Monday, December 04, 2006

Mark Rothko
The Rothko Chapel is a non-denominational chapel in Houston, Texas founded by John and Dominique de Menil. The interior serves not only as a chapel, but also as a major work of modern art. On its walls are fourteen black but color hued paintings by Mark Rothko. (Wikipedia)

In my quest to research Abstract-Expressionism of the 40's and 50's, I've stumbled across some lesser-known facts about Rothko. Most of us are familiar with Rothko's vast monochromatic or dichromatic "color field" paintings. I would guess that most people respond to the ethereal quality of the life-sized canvases which seem to use color as their main force. What I find interesting is that Rothko denies color as the spiritual impetus behind his work:
"The fact that people break down and cry when confronted with my pictures shows that I can communicate those basic human emotions… the people who weep before my pictures are having the same religious experience I had when painting them. And if you say you are moved only by their color relationships then you miss the point."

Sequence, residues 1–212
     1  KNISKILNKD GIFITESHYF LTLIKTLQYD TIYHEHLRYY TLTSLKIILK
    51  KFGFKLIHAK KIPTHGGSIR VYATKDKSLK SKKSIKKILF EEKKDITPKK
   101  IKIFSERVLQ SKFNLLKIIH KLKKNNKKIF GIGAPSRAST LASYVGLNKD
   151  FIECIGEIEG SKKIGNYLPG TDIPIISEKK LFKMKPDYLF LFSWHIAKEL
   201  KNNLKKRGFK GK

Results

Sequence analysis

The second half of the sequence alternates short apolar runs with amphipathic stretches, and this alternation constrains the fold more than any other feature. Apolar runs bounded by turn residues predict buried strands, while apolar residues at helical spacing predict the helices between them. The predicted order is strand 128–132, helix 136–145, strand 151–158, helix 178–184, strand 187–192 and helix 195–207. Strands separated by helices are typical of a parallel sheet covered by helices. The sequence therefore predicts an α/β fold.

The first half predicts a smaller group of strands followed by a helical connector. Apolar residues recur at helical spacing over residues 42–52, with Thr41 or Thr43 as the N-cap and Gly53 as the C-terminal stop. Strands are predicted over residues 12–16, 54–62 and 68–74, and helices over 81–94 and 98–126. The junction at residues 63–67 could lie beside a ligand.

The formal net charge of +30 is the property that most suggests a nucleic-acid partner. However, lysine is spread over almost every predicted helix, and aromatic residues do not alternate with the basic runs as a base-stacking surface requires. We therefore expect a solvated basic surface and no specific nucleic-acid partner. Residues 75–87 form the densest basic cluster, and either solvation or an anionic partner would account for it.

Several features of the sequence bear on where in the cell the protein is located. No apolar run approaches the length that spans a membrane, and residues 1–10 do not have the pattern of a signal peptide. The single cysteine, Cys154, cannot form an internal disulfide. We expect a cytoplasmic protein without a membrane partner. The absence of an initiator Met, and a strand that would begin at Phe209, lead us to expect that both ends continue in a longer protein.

He echos this sentiment later, in the June 7, 1943 edition of the New York Times, when Rothko, together with Adolph Gottlieb and Barnett Newman, published the following brief manifesto:

1. To us art is an adventure into an unknown world, which can be explored only by those willing to take the risks.
2. This world of imagination is fancy-free and violently opposed to common sense.
3. It is our function as artists to make the spectator see the world our way not his way. 4. We favor the simple expression of the complex thought. We are for the large shape because it has the impact of the unequivocal. We wish to reassert the picture plane. We are for flat forms because they destroy illusion and reveal truth.
5. It is a widely accepted notion among painters that it does not matter what one paints as long as it is well painted. This is the essence of academicism.*